Penn State employees could see a "modest" salary raise as part of the 2012-13 university budget, which will be discussed at an upcoming Board of Trustees meeting on July 13, according to a release issued on Penn State on Thursday.
According to the release, Penn State President Rodney Erickson will propose a budget that would include a 2 percent salary increase.
Erickson said in the release that the increase was available in part due to "significant cost cutting, recycling and other budgetary adjustments" made by the university.
"After two years when a majority of faculty and staff saw no more than a one percent increase in their salaries, we believe it's important to make an effort to recognize the hard work and dedication of our employees as they continue to keep Penn State on track and productive in every area of our mission," Erickson said.
Penn State spokeswoman Lisa Powers wrote in an email that though this year's salary increase is possible due to cost cutting measures, she would not "speculate on the future, since the economic situation of the state, the nation and the institution could obviously change over time."
"Penn State has been in a cost cutting and cost recycling mode for decades, always trying to find the most efficient and effective ways to use resources," Powers wrote.
Last year, former university president Graham Spanier announced a salary freeze due to Gov. Tom Corbett's proposed budget, which included appropriation cuts for Penn State. The salary freeze was the second one in the last three years.
Associate Professor of Communications Ronald Bettig said the raises faculty have been receiving for the last 10 years have not kept up with the inflation rate.
"My paycheck is worth less today than it was 10 years ago," Bettig said. "A 2 percent raise is not going to in any way keep pace with inflation at a 2.5 percent rate right now."
Bettig said "good faculty are leaving because the pay raises are not keeping pace," adding that there has recently been a shift from hiring tenure-track professors to more graduate students and adjunct professors.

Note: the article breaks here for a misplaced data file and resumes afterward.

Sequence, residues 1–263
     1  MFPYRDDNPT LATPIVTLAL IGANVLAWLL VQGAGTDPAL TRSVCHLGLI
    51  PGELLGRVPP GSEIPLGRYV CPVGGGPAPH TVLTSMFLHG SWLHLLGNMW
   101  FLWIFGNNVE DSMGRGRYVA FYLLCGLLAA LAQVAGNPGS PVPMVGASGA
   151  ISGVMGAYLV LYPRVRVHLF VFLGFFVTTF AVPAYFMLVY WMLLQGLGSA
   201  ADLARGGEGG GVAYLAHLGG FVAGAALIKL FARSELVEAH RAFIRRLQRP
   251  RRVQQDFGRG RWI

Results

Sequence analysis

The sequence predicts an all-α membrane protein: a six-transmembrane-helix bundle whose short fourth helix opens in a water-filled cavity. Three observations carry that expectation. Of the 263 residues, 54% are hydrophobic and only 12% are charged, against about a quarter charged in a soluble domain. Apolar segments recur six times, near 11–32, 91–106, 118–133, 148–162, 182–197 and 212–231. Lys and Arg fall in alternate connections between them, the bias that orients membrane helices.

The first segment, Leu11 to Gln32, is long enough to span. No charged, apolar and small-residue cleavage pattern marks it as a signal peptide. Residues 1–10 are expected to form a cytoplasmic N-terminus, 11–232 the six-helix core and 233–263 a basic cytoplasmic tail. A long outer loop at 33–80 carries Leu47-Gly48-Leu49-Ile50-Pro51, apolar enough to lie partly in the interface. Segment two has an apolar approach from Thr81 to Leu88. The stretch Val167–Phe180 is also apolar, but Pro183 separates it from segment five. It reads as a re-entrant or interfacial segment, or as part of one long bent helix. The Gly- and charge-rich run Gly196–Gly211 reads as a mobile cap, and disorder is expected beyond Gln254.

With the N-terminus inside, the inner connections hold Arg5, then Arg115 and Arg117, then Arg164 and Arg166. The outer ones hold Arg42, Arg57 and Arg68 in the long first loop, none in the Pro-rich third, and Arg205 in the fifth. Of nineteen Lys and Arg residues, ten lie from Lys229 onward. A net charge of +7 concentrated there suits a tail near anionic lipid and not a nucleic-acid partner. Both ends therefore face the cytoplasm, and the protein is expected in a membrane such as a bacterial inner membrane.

"This ultimately affects the quality of instruction that the students get," he said.
Maggie Deichert (graduate-international affairs) said that she would like to be a professor in the future and will go wherever she is given the best job offer.
Deichert also said that she has found the quality of instructors at Penn State to be "excellent."
"So far, all of my teachers have been very good," Deichert said. "They've been really hands on. They take care of their students. They push us. It's very good."
Powers said that other costs such as room and board and tuition would not be affected as a result of the salary raise. Powers said that the room and board rates were set in January for the coming year by the Board of Trustees, and the proposed tuition increase is already part of the budget that will be discussed at the Board of Trustees meeting.
"The approved room and board rates, the proposed tuition and the proposed salary increase are all part of the planned budget for the coming year, so I don't anticipate those figures will change, since the budget is currently based on those assumptions," Powers wrote.
Approved at the Board of Trustees' Jan. 20 meeting, the average room and board rate for next year will be $4,495 per semester, totaling to $8,990 for the academic year. This is a 2.86 percent increase from last year's rate of $4,370.
In the proposed university budget, Erickson proposed the smallest tuition increase for students in 45 years.
During a press conference on June 29, Erickson announced he would propose a 2.9 percent increase for University Park in-state students and a 1.9 percent increase for in-state students at Commonwealth Campuses.
"I don't think they should skimp on teachers," Deichert said. "That's probably the most valuable asset of this school, and I think that if they're trying to save money, it shouldn't affect the quality of the professors."